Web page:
Daily Flight Stories
Historic Wings is pleased to present our daily story celebrating what happened today in aviation history.
Published on September 20, 2012
The machine rolled down the ramp, accelerating as the nose-mounted propeller spun furiously. At the bottom of the ramp, much like a ski jump, the track curved back upward. This launched the machine aloft whereupon its great wings, 13 meters wide, caught the air perfectly. The machine glided forward as it descended down the slope. In the boat-like fabric and wooden hull, a volunteer French navy midshipman gripped the frame and tried to manipulate the makeshift hinged elevator. Against all odds, somehow he rode to a successful landing after a short flight. Félix du Temple de la Croix, the plane’s inventor, looked on with interest. The date was September 20, 1874, and the Monoplane had flown.
Background and History
Félix du Temple de la Croix was a French naval officer born in Normandy. At age 34, he started experimenting with aviation. By 1857, he and his brother, Louis, had pioneered a working powered model airplane. It successfully flew and he filed a patent for the design. Basing the aircxraft on the shape of a bird’s wing, he fitted on a small hull and birdlike tail. At the front, he mounted an engine connected to a many-bladed fan. The first model used a clockworks device to provide wind-up power. He moved on to others forms of engines in larger models, experimenting with steam. Finding all existing steam engines too heavy, he tried a new innovation, the reciprocating gasoline engine. It too didn’t produce enough power.
Finding no engines suitable to the task at hand, Félix du Temple and his brother spent many more years working on a lightweight steam engine of their own. The idea that evolved was to use small pipes that were tightly packed into a small lightweight firebox, thus generating steam at a reasonable hp/weight ratio. Achieving a working model of the steam engine, he filed his patents for that innovation as well and then moved ahead with his full aerial design, which he called the Monoplane. The goal, however, was not to prove flight, but rather to prove the lightweight engine and it seemed that creating a large flying aircraft would be a sufficient engineering challenge to force the lightweight steam engine along its development path.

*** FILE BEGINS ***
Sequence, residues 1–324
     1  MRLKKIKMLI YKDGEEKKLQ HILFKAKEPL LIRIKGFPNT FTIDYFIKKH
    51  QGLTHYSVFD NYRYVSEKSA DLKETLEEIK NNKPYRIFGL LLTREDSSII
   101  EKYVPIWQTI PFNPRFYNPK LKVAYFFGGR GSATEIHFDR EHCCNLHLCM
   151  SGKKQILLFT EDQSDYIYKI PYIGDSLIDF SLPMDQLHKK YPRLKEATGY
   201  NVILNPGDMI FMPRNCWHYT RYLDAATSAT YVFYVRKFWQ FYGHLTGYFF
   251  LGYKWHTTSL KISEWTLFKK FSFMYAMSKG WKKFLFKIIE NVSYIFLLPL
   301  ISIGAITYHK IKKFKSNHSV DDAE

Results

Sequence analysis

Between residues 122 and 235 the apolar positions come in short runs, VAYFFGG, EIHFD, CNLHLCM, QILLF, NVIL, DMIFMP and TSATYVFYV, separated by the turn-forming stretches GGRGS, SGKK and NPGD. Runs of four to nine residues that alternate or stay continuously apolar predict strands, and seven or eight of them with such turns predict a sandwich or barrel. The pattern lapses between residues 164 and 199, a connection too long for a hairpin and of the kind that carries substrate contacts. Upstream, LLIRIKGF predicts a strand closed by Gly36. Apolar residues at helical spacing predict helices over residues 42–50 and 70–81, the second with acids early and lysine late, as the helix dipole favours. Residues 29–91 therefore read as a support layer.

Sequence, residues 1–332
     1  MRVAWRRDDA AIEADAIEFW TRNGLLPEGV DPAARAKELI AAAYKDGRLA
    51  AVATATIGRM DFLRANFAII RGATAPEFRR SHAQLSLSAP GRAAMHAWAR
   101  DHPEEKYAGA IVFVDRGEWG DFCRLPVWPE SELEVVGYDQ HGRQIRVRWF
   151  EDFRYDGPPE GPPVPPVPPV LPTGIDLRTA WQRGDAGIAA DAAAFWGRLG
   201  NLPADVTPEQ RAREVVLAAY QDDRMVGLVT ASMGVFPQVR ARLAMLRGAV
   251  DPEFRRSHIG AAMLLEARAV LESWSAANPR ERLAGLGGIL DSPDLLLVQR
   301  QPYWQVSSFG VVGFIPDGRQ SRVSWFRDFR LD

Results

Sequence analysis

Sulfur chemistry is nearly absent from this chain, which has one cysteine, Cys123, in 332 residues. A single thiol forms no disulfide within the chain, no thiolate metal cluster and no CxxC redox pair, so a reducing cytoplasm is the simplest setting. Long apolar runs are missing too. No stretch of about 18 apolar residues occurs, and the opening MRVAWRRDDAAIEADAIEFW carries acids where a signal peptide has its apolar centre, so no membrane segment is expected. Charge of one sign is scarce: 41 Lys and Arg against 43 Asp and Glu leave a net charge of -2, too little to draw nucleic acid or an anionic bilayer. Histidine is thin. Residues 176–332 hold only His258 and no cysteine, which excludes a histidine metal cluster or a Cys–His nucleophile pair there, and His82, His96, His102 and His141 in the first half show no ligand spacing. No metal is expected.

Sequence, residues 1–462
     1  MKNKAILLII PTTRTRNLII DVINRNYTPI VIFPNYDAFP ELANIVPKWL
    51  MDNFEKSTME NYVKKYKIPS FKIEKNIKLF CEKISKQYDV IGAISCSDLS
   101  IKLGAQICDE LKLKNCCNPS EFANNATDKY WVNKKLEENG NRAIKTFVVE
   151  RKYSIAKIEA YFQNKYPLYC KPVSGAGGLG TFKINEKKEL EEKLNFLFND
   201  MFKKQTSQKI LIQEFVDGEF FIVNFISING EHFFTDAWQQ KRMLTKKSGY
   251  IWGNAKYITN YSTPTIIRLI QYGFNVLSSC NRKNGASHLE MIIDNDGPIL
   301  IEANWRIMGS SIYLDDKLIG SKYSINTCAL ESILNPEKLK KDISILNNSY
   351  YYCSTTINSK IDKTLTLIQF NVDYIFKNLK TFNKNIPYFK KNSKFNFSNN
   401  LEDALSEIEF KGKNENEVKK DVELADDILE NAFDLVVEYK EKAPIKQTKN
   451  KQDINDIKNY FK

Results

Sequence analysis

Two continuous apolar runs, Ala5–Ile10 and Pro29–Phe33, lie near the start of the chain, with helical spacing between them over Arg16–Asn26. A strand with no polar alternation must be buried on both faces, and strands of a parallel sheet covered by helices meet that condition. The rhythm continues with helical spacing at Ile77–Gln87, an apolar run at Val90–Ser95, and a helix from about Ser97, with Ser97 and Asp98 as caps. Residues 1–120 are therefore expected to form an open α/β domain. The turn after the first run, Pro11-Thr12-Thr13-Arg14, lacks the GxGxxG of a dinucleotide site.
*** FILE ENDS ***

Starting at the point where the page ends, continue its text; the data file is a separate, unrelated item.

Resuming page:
His Achievement — the Steam Engine!
Thus, Félix du Temple’s Monoplane machine and its flight were not very interesting. Instead, once the first flight was accomplished, he and his brother retired the Monoplane and abandoned further investigation into the venture of flight. In effect, there seemed little utility in continued experimentation.
Most critically, in the wake of his successful flight at Brest, France, Félix du Temple successfully sold his lightweight steam engine design to the French Navy, which was suitably impressed with his design. The steam engine was soon in use on French navy torpedo boats, which served successfully throughout the 1880s and 1890s. Flight had little military utility or value. After all, what could be achieved from a short hop off a ski jump? It would take another 29 years before the Wright Brothers flew at Kitty Hawk and the true innovation of the airplane finally came into its own.
There are numerous declarations made over the years regarding who was first to fly. Yet there seems little doubt that the Wright Brothers had achieved the first truly successful, controlled flight of a heavy than air powered aircraft. However, there will always be those who cite the achievements of others. One such claim involves a Russian named Alexander Mozhaisky, who made a first attempted flight in 1884 at Krasnoye Selo, near St. Petersburg. What few records exist seem to indicate that Mozhaisky’s airplane rolled down a hill, briefly lifted upward, fell off to one side and cartwheeled into a cloud of dust. Mozhaisky’s name is remembered because in 1949, Joseph Stalin, the Premier of the Soviet Union, claimed that it was Russia, not America, that had invented the airplane. With his trademark smile and in typical Soviet revisionist style, he cited Mozhaisky as a pre-Soviet Russian hero, and making claim that he had flown after all.
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